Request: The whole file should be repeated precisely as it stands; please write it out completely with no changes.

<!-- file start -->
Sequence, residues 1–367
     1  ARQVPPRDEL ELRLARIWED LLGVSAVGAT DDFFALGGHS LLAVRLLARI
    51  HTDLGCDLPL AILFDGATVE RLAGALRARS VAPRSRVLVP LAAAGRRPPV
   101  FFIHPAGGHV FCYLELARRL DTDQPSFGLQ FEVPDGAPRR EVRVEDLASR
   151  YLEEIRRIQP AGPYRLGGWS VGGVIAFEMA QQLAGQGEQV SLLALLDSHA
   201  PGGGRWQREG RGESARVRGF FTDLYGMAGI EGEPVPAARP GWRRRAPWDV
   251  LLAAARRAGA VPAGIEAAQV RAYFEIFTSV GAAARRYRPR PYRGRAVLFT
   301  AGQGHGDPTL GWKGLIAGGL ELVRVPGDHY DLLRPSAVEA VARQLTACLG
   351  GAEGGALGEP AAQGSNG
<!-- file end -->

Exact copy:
Sequence, residues 1–367
     1  ARQVPPRDEL ELRLARIWED LLGVSAVGAT DDFFALGGHS LLAVRLLARI
    51  HTDLGCDLPL AILFDGATVE RLAGALRARS VAPRSRVLVP LAAAGRRPPV
   101  FFIHPAGGHV FCYLELARRL DTDQPSFGLQ FEVPDGAPRR EVRVEDLASR
   151  YLEEIRRIQP AGPYRLGGWS VGGVIAFEMA QQLAGQGEQV SLLALLDSHA
   201  PGGGRWQREG RGESARVRGF FTDLYGMAGI EGEPVPAARP GWRRRAPWDV
   251  LLAAARRAGA VPAGIEAAQV RAYFEIFTSV GAAARRYRPR PYRGRAVLFT
   301  AGQGHGDPTL GWKGLIAGGL ELVRVPGDHY DLLRPSAVEA VARQLTACLG
   351  GAEGGALGEP AAQGSNG